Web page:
Unsurprisingly, the most popular product in many states has to do with fitness and weight loss, because when you're watching TV late enough to start seeing infomercials, you're probably also thinking to yourself: "I need to get my life together. I should get in shape." Seven states—Colorado, Idaho, Kentucky, Montana, Nebraska, Utah, and Wisconsin—have invested in the P90X home fitness system, while West Virginia and Arkansas prefer the gentler workout provided by the Shake Weight. The ThighMaster is still a thing in Illinois and Washington, while Total Gym and Bowflex were favored by South Dakota and Wyoming, respectively. 

Kitchen items are clearly another category ripe for impulse-buying: Alabama and North Dakota are all over the George Forman Grill; Alaska and Rhode Island are mixing things up with the Magic Bullet; and Floridians must be using their Slice-o-matics to chop up limes for their poolside margaritas.

Cleaning products like OxiClean (D.C. and Hawaii), Sani Sticks (North Carolina), and the infamous ShamWow (which claims the loyalty of Mainers) are also popular, but it's Proactiv that turned out to be the big winner. The beloved skin care system claimed the top spot in eight states—California, Mississippi, Nevada, New Mexico, Oklahoma, Oregon, Tennessee, and Texas—making it the most popular item on the map.

Peep the full map above, or check out the full study from All Home Connections here.

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Afternoon Map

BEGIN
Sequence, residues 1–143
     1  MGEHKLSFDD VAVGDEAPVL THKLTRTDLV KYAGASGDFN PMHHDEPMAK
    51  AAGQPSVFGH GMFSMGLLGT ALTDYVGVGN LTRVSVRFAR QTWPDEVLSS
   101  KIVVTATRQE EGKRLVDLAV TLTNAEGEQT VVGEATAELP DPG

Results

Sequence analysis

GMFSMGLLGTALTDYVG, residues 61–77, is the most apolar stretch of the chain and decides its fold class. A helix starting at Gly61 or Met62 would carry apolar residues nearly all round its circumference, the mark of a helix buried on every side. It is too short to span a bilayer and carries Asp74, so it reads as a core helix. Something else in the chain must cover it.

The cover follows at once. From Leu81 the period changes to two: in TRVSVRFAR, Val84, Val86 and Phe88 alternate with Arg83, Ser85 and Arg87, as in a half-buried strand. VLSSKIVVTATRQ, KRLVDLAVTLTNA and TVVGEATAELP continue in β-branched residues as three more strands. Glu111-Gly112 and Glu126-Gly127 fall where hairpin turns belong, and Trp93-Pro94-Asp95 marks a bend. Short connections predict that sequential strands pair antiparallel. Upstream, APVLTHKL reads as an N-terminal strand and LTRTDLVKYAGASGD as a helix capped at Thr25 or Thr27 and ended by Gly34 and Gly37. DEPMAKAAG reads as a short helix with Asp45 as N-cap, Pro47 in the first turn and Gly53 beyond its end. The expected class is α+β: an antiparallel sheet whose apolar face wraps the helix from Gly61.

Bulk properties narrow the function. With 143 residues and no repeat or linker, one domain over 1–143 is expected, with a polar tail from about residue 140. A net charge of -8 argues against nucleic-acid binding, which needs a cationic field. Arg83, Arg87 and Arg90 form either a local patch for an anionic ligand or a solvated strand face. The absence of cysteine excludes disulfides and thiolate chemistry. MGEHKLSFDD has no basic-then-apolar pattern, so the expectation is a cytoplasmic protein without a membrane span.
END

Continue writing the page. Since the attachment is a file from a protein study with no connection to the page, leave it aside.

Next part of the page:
The Most Popular '90s Sitcom in Each State

Do you have the same taste in TV as the majority of the people in your state? The folks over at satellite provider USDish.com put together a map of the most popular '90s sitcom in each of the 50 states.

The company's data is from Google search interest from 2004 to the present, capturing the tail end of the run of some of these shows and the beginning of an era of fans constantly watching reruns on TV. It's no surprise that the universally popular Friends dominates the map, with 13 states claiming it as their most-watched show. It is not, however, New York's most-watched show: fellow New York City-set series Seinfeld has that honor. Out of the Friends contingent, six are states in the Midwest: perhaps these viewers are dreaming of leaving cornfields behind and moving to The City That Never Sleeps.

The Fresh Prince of Bel-Air came in second as the favorite of four states (Maryland, Georgia, North Carolina, and South Carolina) plus Washington, D.C. Weirdly, Pennsylvania isn't in this group: Pennsylvanians' fave program is Step by Step. It's also the only state to choose Step by Step. Guess they really love family in PA!

There are a few other instances in which a show is claimed by the state in which it's set: Washington loves Seattle-centric Frasier; Ohio roots for the Cleveland-set Drew Carey Show; and Wisconsin can't stop watching That '70s Show, which is set in fictional Point Place, Wisconsin.

Utah supports 3rd Rock from the Sun, which makes sense given that the state is a hotbed for UFO sightings. What about California, home of Hollywood and the beautiful people in the film and TV biz? Well, those beautiful people like to watch yellow cartoon people. That's right, The Simpsons is Cali's most-loved show.

See the map below and visit USDish.com for an in-depth look at the data.